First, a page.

In the second paper Tohidi et. al. start with this hypothesis that during a user study if you give your participants one UI they feel obliged to impress you and will be less critical of your work (my personal user test with my grad student friend typically shows a completely different effect though) They start by a number of hypothesis (H1, H2 and H3) and design an experiment that supports their hypothesis. The article has received 30 citations.

One criticism that I may have for their paper is that even though they have shown that the number of comments for each UI decreases as the number of alternatives increase, it is not guaranteed that they are receiving more constructive comments. Inceasing the number of alternatives may simply confuse participants and will make it harder for them to keep track of pros and cons of each UI. For the researcher it may also cause problem, it will make it harder to keep track of the controlled variable.


Matthew Can - 10/17/2010 18:39:55

Dilemmas in a General Theory of Planning

Rittel and Webber argue that there is no scientific basis for dealing with problems of planning because those problems are “wicked”, whereas the problems dealt with in science are “tame”. They provide ten properties that are indicative of planning problems and explain why those properties make planning problems wicked.

The primary reason that planning-type problems are difficult to deal with (and cannot be subjected to a scientific framework) is that they are problems of social policy. Such problems are not even well defined (one can only understand the problem with a preconceived idea for solving it), nor do they have a solution in the traditional sense. These are the first two properties of wicked problems, as laid out in the paper.

What I liked about this paper was its emphasis on the increasingly heterogeneous social context as a source of problems for planners. The plurality of social groups makes it difficult to plan for the social welfare of everyone. The authors conclude that the notion of a “social product” does not make sense because there is no way to objectively measure the welfare of a diverse society. Even if professionals are entrusted to make decisions on planning-type problems, the outcomes will not be better given the nature of the problems. The conclusion is that a theory of how to approach planning problems cannot exist.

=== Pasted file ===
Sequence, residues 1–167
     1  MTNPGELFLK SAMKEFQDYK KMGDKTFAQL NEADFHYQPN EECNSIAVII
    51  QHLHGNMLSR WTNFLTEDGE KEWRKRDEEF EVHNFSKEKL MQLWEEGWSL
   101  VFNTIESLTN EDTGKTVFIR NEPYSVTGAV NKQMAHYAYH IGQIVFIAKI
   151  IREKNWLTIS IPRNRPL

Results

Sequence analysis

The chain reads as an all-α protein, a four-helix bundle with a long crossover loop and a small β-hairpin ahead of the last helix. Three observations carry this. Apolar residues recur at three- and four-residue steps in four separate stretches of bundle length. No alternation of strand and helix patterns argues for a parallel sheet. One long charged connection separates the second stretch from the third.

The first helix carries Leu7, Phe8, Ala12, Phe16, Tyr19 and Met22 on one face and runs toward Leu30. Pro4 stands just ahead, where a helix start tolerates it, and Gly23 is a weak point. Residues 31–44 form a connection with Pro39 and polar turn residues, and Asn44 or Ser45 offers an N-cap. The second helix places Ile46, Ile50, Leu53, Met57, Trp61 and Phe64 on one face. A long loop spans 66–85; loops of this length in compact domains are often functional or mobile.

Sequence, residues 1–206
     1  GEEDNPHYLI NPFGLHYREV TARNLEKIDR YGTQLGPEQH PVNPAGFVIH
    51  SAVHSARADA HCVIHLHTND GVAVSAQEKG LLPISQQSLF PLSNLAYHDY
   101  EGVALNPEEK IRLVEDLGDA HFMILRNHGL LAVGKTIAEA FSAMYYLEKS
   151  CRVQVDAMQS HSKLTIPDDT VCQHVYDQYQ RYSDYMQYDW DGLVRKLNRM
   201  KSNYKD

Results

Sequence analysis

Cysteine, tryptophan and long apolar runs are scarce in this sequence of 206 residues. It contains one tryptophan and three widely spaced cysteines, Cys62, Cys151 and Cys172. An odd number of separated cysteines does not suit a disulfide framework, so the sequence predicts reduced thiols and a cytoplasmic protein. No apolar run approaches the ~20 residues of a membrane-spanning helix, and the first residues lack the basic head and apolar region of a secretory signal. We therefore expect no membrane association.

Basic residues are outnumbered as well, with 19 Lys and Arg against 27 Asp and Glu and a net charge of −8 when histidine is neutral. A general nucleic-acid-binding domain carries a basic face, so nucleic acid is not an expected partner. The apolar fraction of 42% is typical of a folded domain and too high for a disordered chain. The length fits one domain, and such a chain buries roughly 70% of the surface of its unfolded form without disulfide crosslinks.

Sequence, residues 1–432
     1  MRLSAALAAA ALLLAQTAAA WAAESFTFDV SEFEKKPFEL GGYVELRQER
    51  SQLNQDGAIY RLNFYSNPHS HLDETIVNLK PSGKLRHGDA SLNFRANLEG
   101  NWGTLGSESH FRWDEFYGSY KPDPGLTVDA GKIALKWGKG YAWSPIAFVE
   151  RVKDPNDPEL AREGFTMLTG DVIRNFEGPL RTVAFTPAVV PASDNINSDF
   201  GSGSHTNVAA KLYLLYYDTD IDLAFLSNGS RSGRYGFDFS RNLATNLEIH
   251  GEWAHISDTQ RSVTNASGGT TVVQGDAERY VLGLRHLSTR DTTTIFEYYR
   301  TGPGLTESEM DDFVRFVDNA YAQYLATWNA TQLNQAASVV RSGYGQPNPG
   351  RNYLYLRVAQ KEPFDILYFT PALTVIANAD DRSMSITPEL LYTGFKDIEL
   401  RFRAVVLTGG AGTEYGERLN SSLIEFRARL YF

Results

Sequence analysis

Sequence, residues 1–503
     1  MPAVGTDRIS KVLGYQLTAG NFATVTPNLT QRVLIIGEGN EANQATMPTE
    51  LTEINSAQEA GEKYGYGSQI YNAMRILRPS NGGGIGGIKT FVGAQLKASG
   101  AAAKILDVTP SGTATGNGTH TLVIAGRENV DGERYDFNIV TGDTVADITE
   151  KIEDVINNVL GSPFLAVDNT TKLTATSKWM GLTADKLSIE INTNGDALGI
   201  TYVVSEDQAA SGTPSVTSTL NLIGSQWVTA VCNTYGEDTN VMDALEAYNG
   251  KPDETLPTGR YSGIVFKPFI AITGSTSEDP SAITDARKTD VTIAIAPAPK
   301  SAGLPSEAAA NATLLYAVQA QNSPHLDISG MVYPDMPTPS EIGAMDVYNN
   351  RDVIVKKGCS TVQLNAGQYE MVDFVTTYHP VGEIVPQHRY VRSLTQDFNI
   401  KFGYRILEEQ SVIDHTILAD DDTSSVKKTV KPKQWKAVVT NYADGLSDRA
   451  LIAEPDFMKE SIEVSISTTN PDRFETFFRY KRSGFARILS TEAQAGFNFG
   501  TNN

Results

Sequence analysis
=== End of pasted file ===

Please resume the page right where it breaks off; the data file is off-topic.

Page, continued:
In this paper, the authors talk about design planning in the context of city planning. This raises the question of whether their conclusions are relevant to the design process in HCI, where the role of social policy is less significant (or at least less salient). I would agree that design problems in HCI have some properties of wicked problems. For example, in the design of interfaces, there is no stopping rule. A true solution does not exist. Rather, the designer keeps iterating toward a better design until he runs out of resources. Along those lines, the solutions in HCI design are good-or-bad in nature, not true-or-false.

Although HCI design is similar to planning problems in some ways, it is not in others. A solution in HCI design is not a “one-shot operation” like a solution in city planning. There is an opportunity to learn by trial-and-error with usability testing, prototyping, etc. On another note, while I do agree that every problem in HCI design is unique in some way, solutions can be applied to similar problems. There are best practices in UI design that are widely applicable. Finally, the notion that “the planner has no right to be wrong” really depends on the context of the HCI design. Certainly it is not true in research. But even in commercial applications, the consequences of a failed design are not so severe if the design can quickly be rolled back. A Facebook UI designer and a freeway planner do not face the same liability.